By Kevin Sun
Do you have family or friends who have trouble saving money? Maybe they often complain about not being able to afford something or ask you to spot them a few dollars here and there on outings. It doesn’t look like they’re in serious financial trouble, but you can tell that they’re stressed about spending. Here are 3 ways to help them save money without opening your own wallet:
1. Give Them Your Time, Not Your Cash
It’s hard to find the best way to save money when you’re tired, and exhaustion often leads to poor spending choices. For example, we all remember a night after work when we didn’t have the energy to cook and just ordered out instead. Everyone has these kinds of days, but many people spend week after week like this. No amount of smart saving tips will help if you don’t have the time or energy to use them.
Help friends or family in this situation by sharing some of your own energy with them. When it comes to food, you could shop for groceries together, exchange simple and fast recipes, or even share cooking duties. This can bring costs down and also help them eat a healthier diet. For transportation, you could set up a carpool where they share the costs of driving but get the chance for extra sleep in the passenger’s seat. If they have young children, offer to babysit once in a while so that they can get out but save the cost of a sitter.
Offering your time and energy with acts of service can help give them the breathing room they need to get their spending back on track or explore options to deal with any financial trouble in other ways. Just make sure you’re not exhausting yourself in the process so that you can keep lending your support!
2. Make Comparison Shopping a Group Activity
Many things in life are more fun when you do them with others, and that includes comparison shopping. Looking for the best deals will feel like less of a chore for your friend or family member if you do it with them, whether that means going to stores together, sharing links to different online deals, or even just chatting about stuff they’re planning to buy. If they tend to make impulsive purchases, then this can help them kick that habit without needing to confront them about it. It could also help you with your own bargain hunting!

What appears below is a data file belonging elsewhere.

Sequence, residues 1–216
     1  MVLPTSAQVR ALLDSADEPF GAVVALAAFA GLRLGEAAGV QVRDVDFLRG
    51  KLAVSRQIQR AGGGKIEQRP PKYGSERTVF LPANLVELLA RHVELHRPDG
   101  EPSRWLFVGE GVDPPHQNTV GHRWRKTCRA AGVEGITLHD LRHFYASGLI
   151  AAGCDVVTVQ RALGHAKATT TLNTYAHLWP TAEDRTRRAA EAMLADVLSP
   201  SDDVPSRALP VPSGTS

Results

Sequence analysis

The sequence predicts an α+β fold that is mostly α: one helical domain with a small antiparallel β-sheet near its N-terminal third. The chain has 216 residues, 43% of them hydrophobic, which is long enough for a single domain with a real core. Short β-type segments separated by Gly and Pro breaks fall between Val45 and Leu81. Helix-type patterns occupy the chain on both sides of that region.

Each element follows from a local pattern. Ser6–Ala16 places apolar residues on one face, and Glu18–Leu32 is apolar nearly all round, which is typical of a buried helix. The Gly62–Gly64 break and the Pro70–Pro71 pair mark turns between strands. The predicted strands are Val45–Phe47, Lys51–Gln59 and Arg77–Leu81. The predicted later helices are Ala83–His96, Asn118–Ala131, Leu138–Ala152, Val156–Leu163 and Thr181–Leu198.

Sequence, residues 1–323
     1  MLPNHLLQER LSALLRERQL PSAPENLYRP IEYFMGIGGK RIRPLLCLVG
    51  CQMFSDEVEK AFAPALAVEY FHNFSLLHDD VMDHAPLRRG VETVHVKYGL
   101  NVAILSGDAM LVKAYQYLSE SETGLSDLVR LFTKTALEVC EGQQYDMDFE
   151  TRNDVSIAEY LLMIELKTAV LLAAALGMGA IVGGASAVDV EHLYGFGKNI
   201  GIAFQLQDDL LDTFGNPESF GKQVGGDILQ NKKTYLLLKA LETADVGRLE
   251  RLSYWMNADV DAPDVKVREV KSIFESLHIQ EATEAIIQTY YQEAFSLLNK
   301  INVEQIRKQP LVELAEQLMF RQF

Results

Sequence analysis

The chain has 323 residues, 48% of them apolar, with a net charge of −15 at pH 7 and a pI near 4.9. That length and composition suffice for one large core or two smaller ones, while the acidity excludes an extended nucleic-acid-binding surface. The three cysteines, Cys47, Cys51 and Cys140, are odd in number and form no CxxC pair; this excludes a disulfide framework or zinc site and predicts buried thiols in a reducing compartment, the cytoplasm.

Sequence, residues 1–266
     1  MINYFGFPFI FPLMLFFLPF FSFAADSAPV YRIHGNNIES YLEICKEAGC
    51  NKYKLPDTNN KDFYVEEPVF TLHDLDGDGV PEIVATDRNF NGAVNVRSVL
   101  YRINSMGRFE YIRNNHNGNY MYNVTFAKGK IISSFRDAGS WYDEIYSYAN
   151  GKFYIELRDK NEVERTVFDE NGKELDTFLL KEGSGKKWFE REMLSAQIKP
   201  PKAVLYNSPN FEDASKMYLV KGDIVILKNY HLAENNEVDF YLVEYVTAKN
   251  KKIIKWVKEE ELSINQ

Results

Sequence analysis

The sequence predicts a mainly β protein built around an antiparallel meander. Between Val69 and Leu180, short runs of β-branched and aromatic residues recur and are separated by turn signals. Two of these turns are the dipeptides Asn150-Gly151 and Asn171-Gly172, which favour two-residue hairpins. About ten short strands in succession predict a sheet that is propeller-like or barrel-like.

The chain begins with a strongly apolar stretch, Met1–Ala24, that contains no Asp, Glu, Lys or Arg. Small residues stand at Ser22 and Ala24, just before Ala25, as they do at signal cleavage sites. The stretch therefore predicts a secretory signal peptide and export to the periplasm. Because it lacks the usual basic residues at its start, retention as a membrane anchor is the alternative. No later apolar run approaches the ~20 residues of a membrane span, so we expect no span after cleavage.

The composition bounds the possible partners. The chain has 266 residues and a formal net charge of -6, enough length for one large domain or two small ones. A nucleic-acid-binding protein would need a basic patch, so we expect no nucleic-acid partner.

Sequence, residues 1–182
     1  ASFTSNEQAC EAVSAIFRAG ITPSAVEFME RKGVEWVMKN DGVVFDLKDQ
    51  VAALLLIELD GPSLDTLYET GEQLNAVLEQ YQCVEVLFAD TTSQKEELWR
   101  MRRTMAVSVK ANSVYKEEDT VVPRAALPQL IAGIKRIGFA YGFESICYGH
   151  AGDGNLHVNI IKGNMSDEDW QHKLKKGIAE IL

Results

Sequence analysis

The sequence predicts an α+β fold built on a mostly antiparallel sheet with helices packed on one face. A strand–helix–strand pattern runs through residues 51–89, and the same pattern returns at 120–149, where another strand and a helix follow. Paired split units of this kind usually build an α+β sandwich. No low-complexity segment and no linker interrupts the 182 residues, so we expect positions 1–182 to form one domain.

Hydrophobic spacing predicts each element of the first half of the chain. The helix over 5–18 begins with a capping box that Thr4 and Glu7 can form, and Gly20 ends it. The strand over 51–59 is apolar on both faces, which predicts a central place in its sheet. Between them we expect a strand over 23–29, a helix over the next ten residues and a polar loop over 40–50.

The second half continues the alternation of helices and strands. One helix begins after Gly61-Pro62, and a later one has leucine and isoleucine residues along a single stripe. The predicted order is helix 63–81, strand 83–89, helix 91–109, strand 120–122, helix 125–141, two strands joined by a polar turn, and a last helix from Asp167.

One of the biggest expenses that people can reduce is subscriptions, especially phone and internet plans. Switching to cheaper plans can save hundreds a year with little to no consequences, so it’s worth doing a comparison shop at least once a year (if you’re not on a contract) and looking for special incentives like sign-up bonuses. It can even save a lot if you switch from a contract to a pre-paid plan. However, keep in mind that your needs might not be the same as your friend or family member’s. For example, if they need more phone data than you, then signing onto your cheaper low-cap plan could end up costing them a lot more in expensive overage fees. Make sure that they get what’s right for them, not what’s right for you.
3. Encourage Smart Group Spending Choices
Comparison shopping can be fun, but it probably isn’t your favourite thing to do with friends and family. When it comes to activities like eating out, spending a day or night in town, going to events, and taking group trips, you can help everyone save money by suggesting more cost-effective options. For example, instead of going to the theatres, how about a Netflix party? If you’re exchanging gifts for Christmas, could you suggest setting a reasonable limit on what they should cost?
Smart group spending is especially important because if your friend or family member is having money troubles, they may feel too embarrassed or even ashamed to suggest something cheaper. Let them follow your lead, even if it’s for something as simple as ordering water instead of a drink at a restaurant. By taking the initiative, you’ll pull the weight off their shoulders and they won’t feel peer pressured to spend more than they can afford. Help them enjoy the time together without having to worry as much about the costs; this will in turn help the whole group have a happier experience.
What to Do When Your Family or Friends Need More Help With Saving Money
While there are many ways you can help your friends and family save money, if it seems like they need some extra support, then getting them expert help can make a big difference. You can do this by encouraging them to contact a professional credit counsellor at a non-profit credit counselling organization. An experienced credit counsellor would be happy to review their financial situation with them and guide them towards the solutions they need.